This article was published in Australian Dictionary of Biography, Volume 7, (MUP), 1979
David Wynford Carnegie (1871-1900), explorer, was born on 23 March 1871 at Carlton House Terrace, London, fourth son of James, sixth earl of Southesk, and his second wife Susan Catherine Mary, daughter of the earl of Dunsmore. Educated at Charterhouse School and the Royal Indian Engineering College, Staines, he spent a short unhappy term in Ceylon on a tea plantation and, in September 1892 with his friend Lord Percy Douglas, joined the rush to Coolgardie, Western Australia. For eighteen months Carnegie cheerfully worked as a partner and employee in various mines. Between March 1894 and March 1895 he made two commissioned prospecting expeditions for the Hampton Plains Pastoral Co. He found little gold but learned much bushcraft, principally from Gus Luck, an Alsatian who shared the first trip and laughed at his conservative and royalist fervour.
Carnegie now had both the experience and the funds to seek fame by an inland crossing of Western Australia from south to north. Planning to establish the nature of the country between the 1874 route of (Sir) John Forrest and the 1872-73 route of Warburton, he was concerned particularly with gold and the possibility of a direct stockroute between the Kimberley district and Coolgardie. His four companions were Joseph Breaden of Central Australia and his Aboriginal servant Warri, Godfrey Massie of Sydney and Charles Stansmore of Perth. Eight pack-camels carried five months provisions and the necessary equipment; there was only one riding camel.
They started from Coolgardie on 9 July 1896 and intersected Forrest's route at Mount Worsnop 280 miles (451 km) away. At one point, after nearly a fortnight without finding water, Carnegie began to capture Aboriginals, and deprive them of water if necessary or even feed them salt beef as an inducement to reveal secret water supplies; he was subsequently criticized severely. From Mount Worsnop, Carnegie struck north into the Gibson Desert; they crossed 370 miles (595 km) of this country and on 16 September entered the Great Sandy Desert. For nearly a month the course led across a succession of regular spinifex-clad sand ridges fifty to sixty feet (15-18 m) high. Sandstone tablelands on 16 November led to better country but three camels died of poison plant and on 30 November Stansmore accidentally shot himself dead. The expedition reached Halls Creek on 4 December.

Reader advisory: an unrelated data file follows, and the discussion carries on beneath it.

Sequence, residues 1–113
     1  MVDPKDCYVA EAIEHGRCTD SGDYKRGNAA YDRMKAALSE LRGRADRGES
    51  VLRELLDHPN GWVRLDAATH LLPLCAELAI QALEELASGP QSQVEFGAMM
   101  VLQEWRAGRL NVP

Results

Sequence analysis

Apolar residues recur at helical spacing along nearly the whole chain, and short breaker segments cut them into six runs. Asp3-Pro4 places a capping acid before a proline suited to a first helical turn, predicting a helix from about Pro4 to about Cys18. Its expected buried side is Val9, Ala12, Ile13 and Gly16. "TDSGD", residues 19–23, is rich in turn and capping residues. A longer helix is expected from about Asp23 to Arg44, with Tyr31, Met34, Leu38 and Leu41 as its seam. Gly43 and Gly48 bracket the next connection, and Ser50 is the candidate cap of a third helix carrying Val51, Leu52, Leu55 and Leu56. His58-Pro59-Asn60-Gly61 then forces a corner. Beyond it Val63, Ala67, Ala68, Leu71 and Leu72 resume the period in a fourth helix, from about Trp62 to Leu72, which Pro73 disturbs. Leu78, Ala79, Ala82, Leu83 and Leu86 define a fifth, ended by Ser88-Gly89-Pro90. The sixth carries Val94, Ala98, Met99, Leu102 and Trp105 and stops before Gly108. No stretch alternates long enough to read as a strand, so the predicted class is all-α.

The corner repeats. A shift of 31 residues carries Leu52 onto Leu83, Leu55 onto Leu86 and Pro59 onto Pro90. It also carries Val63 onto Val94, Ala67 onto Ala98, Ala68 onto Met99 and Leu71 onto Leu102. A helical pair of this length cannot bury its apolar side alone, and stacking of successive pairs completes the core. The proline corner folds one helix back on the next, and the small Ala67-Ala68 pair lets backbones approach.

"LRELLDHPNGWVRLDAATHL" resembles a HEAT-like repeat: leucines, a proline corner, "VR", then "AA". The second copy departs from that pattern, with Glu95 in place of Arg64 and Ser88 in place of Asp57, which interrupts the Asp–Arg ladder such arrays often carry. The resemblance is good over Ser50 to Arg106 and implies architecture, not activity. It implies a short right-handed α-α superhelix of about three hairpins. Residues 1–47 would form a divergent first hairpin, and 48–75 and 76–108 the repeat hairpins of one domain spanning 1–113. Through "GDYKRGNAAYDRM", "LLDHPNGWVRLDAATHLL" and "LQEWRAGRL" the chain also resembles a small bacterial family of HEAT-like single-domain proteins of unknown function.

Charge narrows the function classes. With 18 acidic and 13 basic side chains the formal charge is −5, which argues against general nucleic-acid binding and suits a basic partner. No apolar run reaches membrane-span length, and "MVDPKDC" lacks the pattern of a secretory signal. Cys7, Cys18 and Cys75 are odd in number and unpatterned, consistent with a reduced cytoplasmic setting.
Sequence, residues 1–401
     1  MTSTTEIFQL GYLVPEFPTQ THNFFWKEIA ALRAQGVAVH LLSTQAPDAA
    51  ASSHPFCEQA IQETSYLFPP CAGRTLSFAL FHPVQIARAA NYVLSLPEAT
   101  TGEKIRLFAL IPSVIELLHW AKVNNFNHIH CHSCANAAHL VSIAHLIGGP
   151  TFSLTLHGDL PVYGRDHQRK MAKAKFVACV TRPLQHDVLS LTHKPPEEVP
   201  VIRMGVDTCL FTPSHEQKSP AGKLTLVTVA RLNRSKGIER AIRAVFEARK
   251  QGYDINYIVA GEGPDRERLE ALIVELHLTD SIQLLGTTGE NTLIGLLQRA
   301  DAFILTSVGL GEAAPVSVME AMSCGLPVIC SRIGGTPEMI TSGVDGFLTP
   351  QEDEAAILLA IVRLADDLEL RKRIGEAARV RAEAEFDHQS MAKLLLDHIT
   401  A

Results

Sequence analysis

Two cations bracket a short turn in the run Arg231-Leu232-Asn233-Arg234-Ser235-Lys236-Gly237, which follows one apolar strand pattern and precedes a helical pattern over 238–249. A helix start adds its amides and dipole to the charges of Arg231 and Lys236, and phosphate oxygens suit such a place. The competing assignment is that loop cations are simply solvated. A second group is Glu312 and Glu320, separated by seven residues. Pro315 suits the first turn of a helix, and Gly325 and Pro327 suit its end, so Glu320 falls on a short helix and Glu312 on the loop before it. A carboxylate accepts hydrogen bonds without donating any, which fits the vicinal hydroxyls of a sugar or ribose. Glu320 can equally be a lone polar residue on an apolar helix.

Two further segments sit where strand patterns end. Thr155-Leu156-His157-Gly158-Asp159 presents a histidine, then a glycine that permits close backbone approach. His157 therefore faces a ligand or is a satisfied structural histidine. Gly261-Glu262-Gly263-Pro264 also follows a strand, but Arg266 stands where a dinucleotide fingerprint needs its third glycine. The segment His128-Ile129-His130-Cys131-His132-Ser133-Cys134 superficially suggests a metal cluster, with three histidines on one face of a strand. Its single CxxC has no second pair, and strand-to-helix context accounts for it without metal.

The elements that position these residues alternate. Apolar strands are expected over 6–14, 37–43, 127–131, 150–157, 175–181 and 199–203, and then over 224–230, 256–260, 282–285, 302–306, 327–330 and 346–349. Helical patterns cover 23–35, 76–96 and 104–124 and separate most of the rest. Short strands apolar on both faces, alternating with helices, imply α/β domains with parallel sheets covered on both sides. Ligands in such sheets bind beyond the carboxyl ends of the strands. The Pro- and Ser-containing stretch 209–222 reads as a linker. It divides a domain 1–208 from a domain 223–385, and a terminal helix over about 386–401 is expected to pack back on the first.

The return trip began on 22 March 1897 and took them east of the outward course; they reached Coolgardie early in August after travelling 3000 miles (4828 km) in thirteen months. Though his results were disappointing, Carnegie was a thoroughly professional explorer. An experienced bushman said of him that 'no explorer since 1862 has covered so much difficult and unknown territory in the time, or accomplished his task with so little loss or with such efficiency'.
Returning to England late in 1897, Carnegie was awarded the Gill medal of the Royal Geographical Society and published his Spinifex and Sand in 1898. In December 1899 he went to Northern Nigeria as an assistant resident under Sir Frederick Lugard. He served at Illorin and while based at Lokoja was killed by a poisoned arrow in a minor skirmish at Kerifi on 21 November 1900. He was buried at Lokoja; a memorial was erected in Brechin Cathedral, Scotland, and a replica placed in St George's Cathedral, Perth, in 1925. His sister privately published his Letters from Nigeria in 1902.
Patricia Morison, 'Carnegie, David Wynford (1871–1900)', Australian Dictionary of Biography, National Centre of Biography, Australian National University, http://adb.anu.edu.au/biography/carnegie-david-wynford-5509/text9377, published first in hardcopy 1979, accessed online 29 July 2016.
This article was first published in hardcopy in Australian Dictionary of Biography, Volume 7, (MUP), 1979